Old cast iron skillets were heavy and uncomfortable to use, and they took a ton of time to season properly. Newer, more modern pieces are lighter and come pre-seasoned, which means the skillet has a smooth layer of carbon all over the cooking surface.
So, aside from searing off a chicken breast or nice cut of meat, what else can you do with this thing? Here are five suggestions to wow even the most seasoned chef.
1. Regulate your oven temperature
Not all of us have a professional-grade range in our kitchens. If you’re lucky, you have a gas range. And if you’re renting, your oven and cooktop are probably electric.
The good news is a cast iron skillet works well on both, but the bad news is your oven may not be that accurate. The temperature settings on modestly priced ovens can vary wildly. Just because you set your oven to 350 degrees doesn’t mean it will reach that temperature. Even if it does reach that temperature, it may not stay there. It could swing 50 degrees above or below during your cook time.
So, if you need to make sure your oven reaches temperature and stays put, consider putting something on your bottom oven rack. Something close to the heating element absorbs heat slowly and retains it for a long time. Something dense and heavy — just like a cast iron skillet!
2. Make the perfect pizza
And as long as your skillet is screaming hot, what to do with it? How about pizza?
A skillet of any size can double as a pizza stone, providing the perfect vessel on which to perfect your preferred pizza process:
Crank your oven to its highest temperature that isn’t the broiler setting (we’re talking about 500 degrees). Leave the skillet in the oven during pre-heating and gather your ingredients. Stretch out your dough and carefully remove the skillet from the oven. It will be extremely hot, so use thick oven mitts. With your piping hot skillet on a trivet or heat-proof surface, brush it with olive oil on the bottom and sides and carefully lay your dough on the hot oiled surface. The bottom of the dough will start cooking immediately, and the layer of oil will keep it from sticking. Apply your preferred toppings and pop back in the oven. When it’s ready, the bottom will be perfectly crispy. 3. Get saucy
We know we said we weren’t going to talk about searing meats … and we’re not. Instead, we’re gonna talk about what to do with the pan right after you sear.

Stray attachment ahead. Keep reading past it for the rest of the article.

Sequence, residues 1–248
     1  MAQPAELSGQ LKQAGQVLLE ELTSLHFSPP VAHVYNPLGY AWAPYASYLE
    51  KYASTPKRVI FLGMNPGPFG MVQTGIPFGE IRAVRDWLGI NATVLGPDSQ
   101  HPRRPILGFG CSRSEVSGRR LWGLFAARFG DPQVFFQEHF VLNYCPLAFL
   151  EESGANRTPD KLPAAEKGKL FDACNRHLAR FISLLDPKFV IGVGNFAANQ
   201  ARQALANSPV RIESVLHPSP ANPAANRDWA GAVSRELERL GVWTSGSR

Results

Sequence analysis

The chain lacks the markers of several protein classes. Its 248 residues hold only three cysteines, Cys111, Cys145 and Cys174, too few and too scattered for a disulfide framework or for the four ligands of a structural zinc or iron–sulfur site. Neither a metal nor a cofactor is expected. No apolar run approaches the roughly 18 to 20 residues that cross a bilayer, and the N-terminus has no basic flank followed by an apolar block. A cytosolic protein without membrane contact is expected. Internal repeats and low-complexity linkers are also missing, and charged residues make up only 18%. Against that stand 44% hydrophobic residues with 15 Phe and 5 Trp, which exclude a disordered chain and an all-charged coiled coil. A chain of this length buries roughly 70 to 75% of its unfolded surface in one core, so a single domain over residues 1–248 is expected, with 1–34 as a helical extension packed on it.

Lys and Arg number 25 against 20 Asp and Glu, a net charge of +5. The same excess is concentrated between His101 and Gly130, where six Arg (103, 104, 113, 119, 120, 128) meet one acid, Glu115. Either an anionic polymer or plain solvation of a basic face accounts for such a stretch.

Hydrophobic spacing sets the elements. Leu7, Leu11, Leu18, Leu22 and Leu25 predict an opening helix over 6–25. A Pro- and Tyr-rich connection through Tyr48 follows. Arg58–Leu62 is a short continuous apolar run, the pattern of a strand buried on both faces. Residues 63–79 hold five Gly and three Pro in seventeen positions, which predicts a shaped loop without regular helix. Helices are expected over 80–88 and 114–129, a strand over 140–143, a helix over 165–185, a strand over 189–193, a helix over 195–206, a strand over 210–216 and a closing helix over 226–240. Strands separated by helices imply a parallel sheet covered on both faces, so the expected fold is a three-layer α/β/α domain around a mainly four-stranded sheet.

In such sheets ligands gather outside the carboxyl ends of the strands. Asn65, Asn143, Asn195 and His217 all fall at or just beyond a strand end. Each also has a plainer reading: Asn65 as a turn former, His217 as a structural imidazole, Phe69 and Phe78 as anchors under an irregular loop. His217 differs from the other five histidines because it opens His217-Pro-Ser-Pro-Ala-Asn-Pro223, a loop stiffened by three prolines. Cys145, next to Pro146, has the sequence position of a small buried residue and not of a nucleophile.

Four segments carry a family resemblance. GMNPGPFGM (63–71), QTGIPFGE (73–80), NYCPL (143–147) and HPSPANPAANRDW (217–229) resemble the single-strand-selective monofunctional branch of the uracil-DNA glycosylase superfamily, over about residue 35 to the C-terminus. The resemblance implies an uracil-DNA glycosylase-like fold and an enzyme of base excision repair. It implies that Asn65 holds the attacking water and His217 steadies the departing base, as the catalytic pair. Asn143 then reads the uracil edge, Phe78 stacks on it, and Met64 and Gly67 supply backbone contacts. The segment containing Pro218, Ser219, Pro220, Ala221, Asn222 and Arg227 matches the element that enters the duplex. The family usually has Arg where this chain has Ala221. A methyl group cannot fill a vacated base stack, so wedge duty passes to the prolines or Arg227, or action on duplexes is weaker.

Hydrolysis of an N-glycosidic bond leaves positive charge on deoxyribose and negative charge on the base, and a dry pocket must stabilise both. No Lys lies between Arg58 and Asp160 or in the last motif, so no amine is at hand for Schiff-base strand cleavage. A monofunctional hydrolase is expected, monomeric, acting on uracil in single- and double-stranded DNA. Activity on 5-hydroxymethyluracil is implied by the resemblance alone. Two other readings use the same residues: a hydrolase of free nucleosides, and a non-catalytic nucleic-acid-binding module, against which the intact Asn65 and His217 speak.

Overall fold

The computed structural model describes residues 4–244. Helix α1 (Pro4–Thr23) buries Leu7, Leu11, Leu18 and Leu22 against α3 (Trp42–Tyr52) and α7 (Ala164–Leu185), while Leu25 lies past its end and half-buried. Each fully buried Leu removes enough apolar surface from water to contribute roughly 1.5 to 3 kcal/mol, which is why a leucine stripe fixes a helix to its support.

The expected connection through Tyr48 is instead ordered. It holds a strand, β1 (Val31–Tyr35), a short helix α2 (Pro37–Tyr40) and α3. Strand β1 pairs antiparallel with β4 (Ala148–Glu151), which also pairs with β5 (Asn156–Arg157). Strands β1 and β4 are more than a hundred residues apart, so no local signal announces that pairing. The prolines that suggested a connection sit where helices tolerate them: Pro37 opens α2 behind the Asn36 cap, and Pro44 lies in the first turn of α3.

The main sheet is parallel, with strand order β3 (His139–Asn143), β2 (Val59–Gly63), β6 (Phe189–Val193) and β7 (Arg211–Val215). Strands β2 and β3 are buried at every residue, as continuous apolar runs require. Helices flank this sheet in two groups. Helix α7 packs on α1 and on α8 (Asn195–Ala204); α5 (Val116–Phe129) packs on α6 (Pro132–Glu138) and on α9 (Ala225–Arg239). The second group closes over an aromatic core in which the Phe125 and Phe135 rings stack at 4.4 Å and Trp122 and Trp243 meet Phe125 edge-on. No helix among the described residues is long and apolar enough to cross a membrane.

A perfect sauce will elevate whatever protein you just pulled out of the pan. Simply follow these instructions:
After you sear off your cut of meat, add more oil and the fat of your choice (butter, coconut oil, grapeseed oil, etc.) and your preferred liquid. Anything from chicken stock to red or white wine. Water will even work. Use a wooden spoon (plastic isn’t a great idea when cooking with cast iron) to scrape up all those delicious tasty bits in the pan (it’s called fond, and we’re very fond of it) and give it a stir. Season it with salt, pepper, a clove of garlic, or maybe even some fresh herbs
Not only is pan sauce delicious, but it will also make the pan easier to clean when it comes time to do the dishes!
4. Smash some good burgers
If there’s one thing to take away from cooking with cast iron, it’s that it gets hot. Real hot. And it stays hot. And if you like a good burger, that’s good news. Real good.
A good smashburger is easy to do at home, and it’s a breeze in cast iron:
Make small to medium-sized meatballs with your seasoned and prepared ground beef. Roll them into small balls (four to six ounces ought to be perfect, about the size of a golf ball). Get your pan screaming hot on your stovetop. Wet your fingers and flick some water at the skillet. If it sizzles and skitters across the pan before disappearing, it’s ready. Put your meatball onto the skillet, no cooking oil necessary. Then using a flat spatula and a rolling pin (or another long, easily-grippable utensil), push the meatball into the surface of the pan. Help it along by pushing down on the top of the spatula with the rolling pin so the meatball beneath goes flat. Let it sit on the heat for 30 seconds and don’t touch it. Don’t poke, prod, wiggle or fiddle with it! The contact with the hot pan is all the backup you need. Flip it over, apply cheese (because let’s be honest … of course there’s going to be cheese), let it cook for another 30 seconds before removing it from the heat and putting it on a baking sheet in a preheated oven to keep warm.
The result is a thin, perfectly crispy burger that can be stacked high with the works or slipped between some tiny buns for sliders.
5. Deodorize your kitchen while cleaning
You just had a delicious meal of burgers/chops/steaks/frittata (you get the idea), and it’s time to clean up. Piece of cake. Don’t use soap and a sponge on your cast iron, just go to the pantry and get some vinegar. Plain white vinegar works well because it’s cheap and plentiful.
Put your skillet on medium-high heat and pour in the vinegar. Wait until it boils and then sprinkle in about a tablespoon of kosher salt. The acid from the vinegar will eat away at the stuck-on food and the salt will act as an abrasive without damaging the finish.
Another benefit of boiling vinegar in the cast iron is its ability to deodorize your kitchen. No need for powerful aerosol sprays here. Just let the vinegar reach a rolling boil for a few minutes and the steam will absorb the smells from your kitchen and neutralize them.
Just be careful not to breathe it in. It’s not dangerous, just powerful.
Your new favorite cooking tool
Take care of your cast iron and your cast iron will take care of you. Use it for browning, broiling, baking and more.
How do you use your cast iron? Share your tips, tricks, hacks and suggestions with us in the comments below!
Header Photo by Hans Vivek on Unsplash
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